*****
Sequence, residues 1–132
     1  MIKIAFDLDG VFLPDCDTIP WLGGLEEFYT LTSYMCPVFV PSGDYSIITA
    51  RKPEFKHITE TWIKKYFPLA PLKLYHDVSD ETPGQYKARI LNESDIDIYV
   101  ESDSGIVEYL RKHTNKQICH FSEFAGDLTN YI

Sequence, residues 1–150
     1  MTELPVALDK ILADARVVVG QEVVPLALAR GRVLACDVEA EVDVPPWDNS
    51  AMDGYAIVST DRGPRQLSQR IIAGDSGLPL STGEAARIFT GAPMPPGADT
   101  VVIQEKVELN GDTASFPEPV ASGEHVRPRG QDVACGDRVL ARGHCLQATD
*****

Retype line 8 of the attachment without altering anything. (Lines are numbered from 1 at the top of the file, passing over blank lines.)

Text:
   101  VVIQEKVELN GDTASFPEPV ASGEHVRPRG QDVACGDRVL ARGHCLQATD